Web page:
I turned over to the first page and discovered words that I didn’t know existed outside of dictionaries, in addition to that the book was impossibly dense; you could shoot a copy of Invisible Man at a tank and by its density and kinetic energy alone could pierce and destroy its sophisticated armor. After three minutes of trying to penetrate the impenetrable verbal armor of the book I gave up, and returned the book to Emily.

“This is stuff that I have to read for summer school, I should have done better in my English class last year so I don’t have to deal with this crap in the summer.”

“Hey, we all have crap to deal with.”

Emily snickered and said, “Like an annoying little brother who bangs the door so loudly that even NASA is getting radio signals from Mars telling Earth to stop that god-dang racket?”

“I had a reason to keep banging on that door; I was locked out of the room by Caroline, that piece of shit, doesn’t she have the manners to open up the door when someone asks her to do so or has she lost so many brain cells during chemotherapy that she’s too retarded to follow simple commands?”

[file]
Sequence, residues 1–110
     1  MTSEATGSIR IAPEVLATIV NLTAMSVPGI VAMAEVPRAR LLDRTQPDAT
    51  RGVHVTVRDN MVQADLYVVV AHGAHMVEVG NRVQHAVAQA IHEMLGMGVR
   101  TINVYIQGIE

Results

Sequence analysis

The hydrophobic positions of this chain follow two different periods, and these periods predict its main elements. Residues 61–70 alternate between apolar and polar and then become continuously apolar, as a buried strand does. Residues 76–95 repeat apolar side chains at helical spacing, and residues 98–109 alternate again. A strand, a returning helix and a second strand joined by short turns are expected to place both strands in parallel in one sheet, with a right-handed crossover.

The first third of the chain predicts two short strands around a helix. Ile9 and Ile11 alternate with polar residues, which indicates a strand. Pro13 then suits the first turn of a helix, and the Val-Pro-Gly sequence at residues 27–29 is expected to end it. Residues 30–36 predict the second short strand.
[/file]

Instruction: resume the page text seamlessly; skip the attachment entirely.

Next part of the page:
“Did you know that that piece of shit is standing behind you?” Emily asked rhetorically.

I turned around and saw cold piercing eyes staring at me, and attached to those eyeballs was a head, then a slim and short body which I immediately recognized as Caroline. “Don’t worry ’bout me, I’m that piece of shit with so few brain cells that I can’t follow simple commands,” she immediately quipped.

(“Oh my god,” I thought to myself, “she actually can speak and have a sense of humor, so much for my theory that she’s actually a mute robot.”) The kitchen fell silent as Caroline entered, as Emily returned to reading her book and I continued nursing my hand on ice, she walked slowly to the refrigerator and took out a Coca Cola. After closing the refrigerator door she paused, as if reading something attached on the fridge door. But because we only moved in today nothing was attached to the fridge door; she was reading a white, blank door. Either she is a Zen Buddhist or she is insane. Slowly she lifted her right hand in a mechanical fashion, lowered it on top of the coke can she was holding in her right hand, then pulled the tab.

I noticed that all her motions were very synthetic, it seemed that such routine task as getting a soda out of a refrigerator was unnatural to her, and that she had problems sensing where particular parts of her body were. Having opened the can of soda she started opening the drawers, presumably trying to find a glass. “Mom keeps the glasses in the overhead cabinets,” I said, “Emily will get them for you.” Neither Caroline nor I were at that time tall enough to reach the overhead cabinets; having gone through a few growth spurts and puberty Emily was tall enough to play one-on-one with Shaquille O’Neal, (when she’s wearing high heels anyway). Emily has a very tall, slender and graceful figure; she didn’t even have to raise her arms above her head in order to reach the highest sections of the overhead cabinets.